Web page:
Most biological membranes will block larger molecules, like polysaccharides (carbohydrates). This is useful because it allows cells to hydrate themselves without absorbing useless waste. Osmosis is a passive process, but it is vital to survival. For example, plants use osmosis to absorb water through their roots. Water will flow from the soil into the plants roots, and then through the rest of the plant's cells that have been depleted of water. Because of the cell's selectively permeable membrane, all of the dirt and other wastes are left behind.
Roots absorbing resources
There are two major ways by which osmosis takes place, a solvent will either pass over the cell's phospholipid bilayer, or by passing through aquaporins, which are basically transmembrane proteins that create ion channels and aid in the process of diffusion.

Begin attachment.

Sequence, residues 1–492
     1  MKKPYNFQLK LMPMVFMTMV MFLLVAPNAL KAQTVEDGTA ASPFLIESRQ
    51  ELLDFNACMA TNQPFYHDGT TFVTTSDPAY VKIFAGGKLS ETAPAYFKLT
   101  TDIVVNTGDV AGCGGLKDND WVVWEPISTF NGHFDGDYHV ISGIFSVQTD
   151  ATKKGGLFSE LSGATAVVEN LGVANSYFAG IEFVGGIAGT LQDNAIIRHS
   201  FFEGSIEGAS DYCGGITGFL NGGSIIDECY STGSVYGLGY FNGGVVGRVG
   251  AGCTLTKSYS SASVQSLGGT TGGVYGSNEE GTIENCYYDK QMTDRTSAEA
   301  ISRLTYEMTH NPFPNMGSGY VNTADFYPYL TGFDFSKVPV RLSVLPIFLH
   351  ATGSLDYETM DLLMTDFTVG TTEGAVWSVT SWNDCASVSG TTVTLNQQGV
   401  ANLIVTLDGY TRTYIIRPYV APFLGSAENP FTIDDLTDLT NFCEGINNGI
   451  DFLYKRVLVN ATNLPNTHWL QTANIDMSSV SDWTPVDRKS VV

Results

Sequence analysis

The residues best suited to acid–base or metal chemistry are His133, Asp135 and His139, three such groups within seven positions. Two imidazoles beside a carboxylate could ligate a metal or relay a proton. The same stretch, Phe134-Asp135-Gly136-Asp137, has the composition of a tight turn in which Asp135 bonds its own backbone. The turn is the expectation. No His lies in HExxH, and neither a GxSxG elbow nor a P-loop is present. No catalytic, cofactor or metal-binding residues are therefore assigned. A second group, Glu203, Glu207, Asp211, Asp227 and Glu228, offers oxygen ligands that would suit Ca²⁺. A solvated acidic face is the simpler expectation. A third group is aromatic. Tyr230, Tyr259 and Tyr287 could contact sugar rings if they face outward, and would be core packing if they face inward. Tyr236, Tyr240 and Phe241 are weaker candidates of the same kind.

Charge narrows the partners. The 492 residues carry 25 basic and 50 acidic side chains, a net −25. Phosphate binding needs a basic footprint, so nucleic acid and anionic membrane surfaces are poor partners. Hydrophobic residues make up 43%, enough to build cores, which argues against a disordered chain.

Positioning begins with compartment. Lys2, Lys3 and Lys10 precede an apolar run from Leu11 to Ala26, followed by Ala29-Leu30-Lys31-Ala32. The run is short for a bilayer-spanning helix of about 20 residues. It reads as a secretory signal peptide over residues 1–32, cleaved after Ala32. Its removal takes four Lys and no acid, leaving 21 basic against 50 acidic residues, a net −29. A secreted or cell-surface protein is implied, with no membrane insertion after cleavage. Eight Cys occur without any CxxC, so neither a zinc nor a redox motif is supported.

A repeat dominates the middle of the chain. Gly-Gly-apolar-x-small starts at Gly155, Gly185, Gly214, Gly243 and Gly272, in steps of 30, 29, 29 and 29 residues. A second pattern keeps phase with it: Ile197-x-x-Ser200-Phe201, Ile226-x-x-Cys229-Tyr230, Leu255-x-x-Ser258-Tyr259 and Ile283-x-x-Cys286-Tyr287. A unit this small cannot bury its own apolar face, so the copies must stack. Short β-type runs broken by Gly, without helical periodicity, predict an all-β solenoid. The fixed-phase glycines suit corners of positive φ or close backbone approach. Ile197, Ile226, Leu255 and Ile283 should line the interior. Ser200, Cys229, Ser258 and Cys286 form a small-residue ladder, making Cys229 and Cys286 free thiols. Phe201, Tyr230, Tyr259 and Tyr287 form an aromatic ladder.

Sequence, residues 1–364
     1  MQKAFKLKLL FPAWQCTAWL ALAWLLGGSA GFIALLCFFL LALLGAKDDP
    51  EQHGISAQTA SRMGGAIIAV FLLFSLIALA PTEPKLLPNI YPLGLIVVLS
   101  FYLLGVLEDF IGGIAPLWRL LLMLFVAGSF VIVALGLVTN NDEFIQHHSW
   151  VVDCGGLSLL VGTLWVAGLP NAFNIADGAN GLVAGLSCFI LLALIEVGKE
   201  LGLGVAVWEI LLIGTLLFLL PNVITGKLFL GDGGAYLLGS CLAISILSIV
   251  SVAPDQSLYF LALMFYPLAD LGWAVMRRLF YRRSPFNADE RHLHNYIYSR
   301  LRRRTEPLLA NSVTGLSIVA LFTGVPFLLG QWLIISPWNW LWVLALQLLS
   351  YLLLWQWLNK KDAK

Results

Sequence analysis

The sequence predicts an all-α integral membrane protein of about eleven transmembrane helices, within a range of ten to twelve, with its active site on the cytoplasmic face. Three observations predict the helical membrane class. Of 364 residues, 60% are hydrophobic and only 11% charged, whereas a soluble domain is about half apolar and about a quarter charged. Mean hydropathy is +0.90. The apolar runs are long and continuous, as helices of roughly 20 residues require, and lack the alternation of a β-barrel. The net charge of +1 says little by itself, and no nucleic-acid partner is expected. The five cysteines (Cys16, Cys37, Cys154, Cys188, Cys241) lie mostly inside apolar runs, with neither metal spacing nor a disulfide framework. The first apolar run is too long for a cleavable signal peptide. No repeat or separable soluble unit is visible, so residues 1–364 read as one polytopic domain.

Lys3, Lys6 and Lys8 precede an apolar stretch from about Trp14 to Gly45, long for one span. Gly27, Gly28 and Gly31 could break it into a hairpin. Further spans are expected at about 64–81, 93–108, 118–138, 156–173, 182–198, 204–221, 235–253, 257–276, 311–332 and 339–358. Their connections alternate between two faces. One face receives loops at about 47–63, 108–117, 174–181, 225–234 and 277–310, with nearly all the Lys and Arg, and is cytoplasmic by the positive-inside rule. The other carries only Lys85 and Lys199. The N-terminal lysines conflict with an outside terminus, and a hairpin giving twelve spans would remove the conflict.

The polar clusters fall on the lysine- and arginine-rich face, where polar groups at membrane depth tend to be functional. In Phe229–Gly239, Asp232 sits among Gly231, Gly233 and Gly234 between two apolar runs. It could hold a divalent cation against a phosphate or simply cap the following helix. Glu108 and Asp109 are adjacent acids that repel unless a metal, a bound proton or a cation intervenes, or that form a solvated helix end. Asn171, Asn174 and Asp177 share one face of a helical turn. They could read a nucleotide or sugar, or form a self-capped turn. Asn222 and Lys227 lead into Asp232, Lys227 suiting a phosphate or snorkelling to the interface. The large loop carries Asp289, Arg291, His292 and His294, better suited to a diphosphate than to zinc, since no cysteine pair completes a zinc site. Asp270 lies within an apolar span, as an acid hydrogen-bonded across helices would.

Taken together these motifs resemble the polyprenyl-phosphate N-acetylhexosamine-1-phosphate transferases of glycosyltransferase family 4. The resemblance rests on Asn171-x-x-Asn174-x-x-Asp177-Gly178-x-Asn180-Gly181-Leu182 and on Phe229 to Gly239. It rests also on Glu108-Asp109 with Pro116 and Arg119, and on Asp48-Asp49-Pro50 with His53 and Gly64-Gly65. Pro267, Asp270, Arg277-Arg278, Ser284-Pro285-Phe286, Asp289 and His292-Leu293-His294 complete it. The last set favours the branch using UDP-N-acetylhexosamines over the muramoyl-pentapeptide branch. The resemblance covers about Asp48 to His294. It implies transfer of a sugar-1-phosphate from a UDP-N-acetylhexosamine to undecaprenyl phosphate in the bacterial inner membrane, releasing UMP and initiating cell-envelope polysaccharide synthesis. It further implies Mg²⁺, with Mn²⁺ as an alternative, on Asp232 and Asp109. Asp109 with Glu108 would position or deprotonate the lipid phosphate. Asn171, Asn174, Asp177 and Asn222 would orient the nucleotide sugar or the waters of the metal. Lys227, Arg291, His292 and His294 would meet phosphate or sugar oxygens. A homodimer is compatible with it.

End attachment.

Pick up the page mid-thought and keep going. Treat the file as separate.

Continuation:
One of the interesting properties of osmosis is something that most people have heard about, or seen for themselves. Most people have heard of the analogy of salting a slug, a very cruel thing to do. This is osmosis at work, the outside of the slugs body has a higher concentration of salt and a lower concentration of water, thus water will flow out of the slug and it will shrivel up and die. Fortunately, this same thing also works on leeches. Osmosis is also why you can't put saltwater fish into freshwater, or put freshwater fish into salt water. If you were to do this, your poor fish would die horribly, especially the saltwater fish. Before I finish, I'll just mention reverse osmosis. This is the process by which solvents can be filtered by passing them through a membrane, all the waste will stay on one side.
Without osmosis, life as we know it wouldn't be possible, in fact, I have a hard time imagining life at all without osmosis, though it's certainly possible.